The columns of the matrices of principal component loadings and scores correspond to the latent roots. Each latent root corresponds to a single dimension, and gives the variability of the scores in that dimension. The loadings give the linear coefficients of the variables that are used to construct the scores in each dimension.

The significance tests are for equality of the *k* smallest roots: *l _{i}* (

*i*= 1, 2, …

*k*). The test statistic is

*n* – ((2*p* + 11) / 6) [ log( (1/*k*) ∑_{i>k} *i _{i}* ) – (1/

*k*) ∑

_{i>k}log(

*i*)]

_{i}where *n* is the number of units and *p* is the number of variables. Asymptotically, the statistics have a chi-square distribution with (*k*+2)(*k*-1)/2 degrees of freedom. If any latent roots are zero, Genstat excludes them from the calculation of the test statistic; the effective value of *p* is reduced accordingly.

If you omit the `NROOTS`

option, Genstat prints by default the results corresponding to all the latent roots. The number of latent roots is the number of variates involved in the input to `PCP`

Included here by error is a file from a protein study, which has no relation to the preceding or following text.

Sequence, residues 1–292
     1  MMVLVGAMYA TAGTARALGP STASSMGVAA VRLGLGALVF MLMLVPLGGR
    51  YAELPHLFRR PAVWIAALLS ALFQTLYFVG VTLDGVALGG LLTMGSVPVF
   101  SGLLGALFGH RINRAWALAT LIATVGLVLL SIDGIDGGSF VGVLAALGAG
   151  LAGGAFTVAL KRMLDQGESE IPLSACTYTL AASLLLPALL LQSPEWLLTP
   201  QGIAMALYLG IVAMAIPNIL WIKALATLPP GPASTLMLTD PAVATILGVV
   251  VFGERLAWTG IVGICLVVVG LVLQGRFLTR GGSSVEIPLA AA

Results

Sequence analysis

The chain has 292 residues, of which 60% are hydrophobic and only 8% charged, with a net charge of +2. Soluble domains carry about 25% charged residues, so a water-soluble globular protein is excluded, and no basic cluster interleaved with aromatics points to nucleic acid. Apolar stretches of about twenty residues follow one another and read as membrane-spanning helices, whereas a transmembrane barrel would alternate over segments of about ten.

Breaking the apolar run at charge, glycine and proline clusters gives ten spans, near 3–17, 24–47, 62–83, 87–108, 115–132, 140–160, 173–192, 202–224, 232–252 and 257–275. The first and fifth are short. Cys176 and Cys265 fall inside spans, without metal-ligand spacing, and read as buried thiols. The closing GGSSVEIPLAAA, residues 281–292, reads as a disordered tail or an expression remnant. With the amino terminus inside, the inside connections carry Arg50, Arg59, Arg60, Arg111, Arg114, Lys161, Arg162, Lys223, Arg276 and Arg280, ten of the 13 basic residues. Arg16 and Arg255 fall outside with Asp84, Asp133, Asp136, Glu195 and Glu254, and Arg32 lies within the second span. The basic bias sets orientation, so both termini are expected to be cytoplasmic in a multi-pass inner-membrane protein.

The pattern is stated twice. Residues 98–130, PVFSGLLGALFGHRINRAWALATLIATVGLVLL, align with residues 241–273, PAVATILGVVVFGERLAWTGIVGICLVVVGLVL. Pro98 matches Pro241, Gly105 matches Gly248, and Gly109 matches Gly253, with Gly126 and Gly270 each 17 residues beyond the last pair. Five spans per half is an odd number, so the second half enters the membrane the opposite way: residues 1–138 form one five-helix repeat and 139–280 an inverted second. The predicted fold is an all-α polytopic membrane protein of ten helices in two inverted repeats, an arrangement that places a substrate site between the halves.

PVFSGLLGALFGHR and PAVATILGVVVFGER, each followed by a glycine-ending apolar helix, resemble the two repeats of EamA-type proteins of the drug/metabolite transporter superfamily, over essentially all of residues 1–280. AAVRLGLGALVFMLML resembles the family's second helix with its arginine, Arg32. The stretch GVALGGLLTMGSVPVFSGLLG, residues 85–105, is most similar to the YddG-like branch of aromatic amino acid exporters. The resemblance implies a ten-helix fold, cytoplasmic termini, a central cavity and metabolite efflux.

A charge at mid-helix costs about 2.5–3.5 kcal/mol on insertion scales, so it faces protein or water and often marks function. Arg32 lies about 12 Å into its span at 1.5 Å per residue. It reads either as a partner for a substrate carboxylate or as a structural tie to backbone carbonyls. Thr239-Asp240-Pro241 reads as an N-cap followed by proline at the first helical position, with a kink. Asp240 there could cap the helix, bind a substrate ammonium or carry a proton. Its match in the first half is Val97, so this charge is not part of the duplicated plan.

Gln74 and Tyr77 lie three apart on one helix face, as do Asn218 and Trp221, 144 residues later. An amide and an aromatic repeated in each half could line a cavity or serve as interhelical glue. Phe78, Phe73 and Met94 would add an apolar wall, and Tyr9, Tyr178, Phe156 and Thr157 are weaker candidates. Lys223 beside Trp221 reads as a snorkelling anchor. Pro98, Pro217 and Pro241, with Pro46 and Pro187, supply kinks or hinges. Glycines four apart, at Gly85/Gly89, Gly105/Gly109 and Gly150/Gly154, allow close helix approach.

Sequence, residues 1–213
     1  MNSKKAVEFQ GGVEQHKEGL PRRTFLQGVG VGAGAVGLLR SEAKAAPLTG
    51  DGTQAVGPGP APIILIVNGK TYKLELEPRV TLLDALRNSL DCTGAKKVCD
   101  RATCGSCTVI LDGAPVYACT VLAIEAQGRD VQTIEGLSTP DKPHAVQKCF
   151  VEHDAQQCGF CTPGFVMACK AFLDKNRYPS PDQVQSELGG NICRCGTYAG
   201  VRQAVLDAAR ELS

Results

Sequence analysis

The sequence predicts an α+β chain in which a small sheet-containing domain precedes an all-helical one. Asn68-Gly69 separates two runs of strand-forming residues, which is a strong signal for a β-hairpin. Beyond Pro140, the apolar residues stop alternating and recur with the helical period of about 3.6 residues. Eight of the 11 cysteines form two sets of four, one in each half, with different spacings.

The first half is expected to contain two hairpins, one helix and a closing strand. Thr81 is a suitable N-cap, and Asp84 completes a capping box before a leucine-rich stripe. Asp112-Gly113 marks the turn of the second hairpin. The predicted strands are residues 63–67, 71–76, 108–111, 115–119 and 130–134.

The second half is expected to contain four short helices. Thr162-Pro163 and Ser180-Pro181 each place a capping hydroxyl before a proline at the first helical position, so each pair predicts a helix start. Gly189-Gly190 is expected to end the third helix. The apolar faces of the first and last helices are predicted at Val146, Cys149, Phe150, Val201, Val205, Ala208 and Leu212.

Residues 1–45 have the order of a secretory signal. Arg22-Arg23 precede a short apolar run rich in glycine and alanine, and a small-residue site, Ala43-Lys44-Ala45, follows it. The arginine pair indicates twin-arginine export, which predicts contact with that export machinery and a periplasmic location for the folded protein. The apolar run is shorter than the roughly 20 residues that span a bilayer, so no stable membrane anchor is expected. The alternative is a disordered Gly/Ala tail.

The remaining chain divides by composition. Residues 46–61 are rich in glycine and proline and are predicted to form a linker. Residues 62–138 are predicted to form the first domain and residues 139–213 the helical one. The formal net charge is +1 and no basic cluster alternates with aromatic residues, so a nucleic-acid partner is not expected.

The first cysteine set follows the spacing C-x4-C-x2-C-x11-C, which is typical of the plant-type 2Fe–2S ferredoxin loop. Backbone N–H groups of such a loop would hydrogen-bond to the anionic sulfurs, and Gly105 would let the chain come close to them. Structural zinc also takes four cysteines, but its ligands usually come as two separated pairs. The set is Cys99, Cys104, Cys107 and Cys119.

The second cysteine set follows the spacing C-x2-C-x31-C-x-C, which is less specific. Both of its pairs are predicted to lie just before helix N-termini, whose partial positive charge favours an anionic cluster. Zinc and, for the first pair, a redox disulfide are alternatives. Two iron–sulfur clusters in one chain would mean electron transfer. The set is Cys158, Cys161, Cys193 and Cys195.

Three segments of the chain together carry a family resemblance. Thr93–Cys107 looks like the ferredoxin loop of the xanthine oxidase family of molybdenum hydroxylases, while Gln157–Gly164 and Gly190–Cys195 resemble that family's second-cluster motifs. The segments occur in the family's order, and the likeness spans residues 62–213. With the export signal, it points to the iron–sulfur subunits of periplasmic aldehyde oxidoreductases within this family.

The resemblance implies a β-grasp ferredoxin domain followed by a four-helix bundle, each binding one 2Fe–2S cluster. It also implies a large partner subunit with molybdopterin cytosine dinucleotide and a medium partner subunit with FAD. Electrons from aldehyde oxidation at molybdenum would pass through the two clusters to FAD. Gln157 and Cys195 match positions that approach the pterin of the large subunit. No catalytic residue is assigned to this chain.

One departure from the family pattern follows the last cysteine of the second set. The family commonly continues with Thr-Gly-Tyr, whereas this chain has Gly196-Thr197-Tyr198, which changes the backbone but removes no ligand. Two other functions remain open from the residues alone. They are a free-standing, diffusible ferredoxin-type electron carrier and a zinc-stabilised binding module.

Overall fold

. The `NROOTS`

option allows you to print only part of the results, corresponding to the first or last *r* latent roots. You may then want to print the residuals formed from the remaining columns of scores. The residuals are all positive: this is because residuals from multivariate analyses generally occupy several dimensions, so they represent distances in multidimensional space and signs cannot be attached to them.

To print results corresponding to the *r* smallest latent roots, you must set option `NROOTS`

to *r* and option `SMALLEST`

to `yes`

. Now if residuals are printed they will be formed from the scores corresponding to the largest roots. The `NROOTS`

and `SMALLEST`

options apply to the latent roots and vectors, the principal component scores and the residuals. So you cannot print directly, for example, the first two columns of scores and the last three columns of loadings. This is rarely required but, if necessary, it can be done by saving the relevant results and printing them separately.

By default, the `PCP`

directive operates on the SSPM but you can set the `METHOD`

option to `correlations`

to operate on a derived matrix of correlations, or to `vcovariance`

(or its synonym `variancecovariance`

) to use variances and covariances. Note that when correlations are analysed the significance-test statistics no longer have asymptotic chi-square distributions.

The `LRV`

parameter allows you to save the principal component loadings, the latent roots, and their sum (the trace) in an LRV structure, while the `SCORES`

parameter saves the principal component scores in a matrix. If you have declared the LRV already, its number of rows must be the same as the number of variates supplied in an input pointer or implied by an input SSPM. The number of rows of the `SCORES`

matrix, if previously declared, must be equal to the number of units.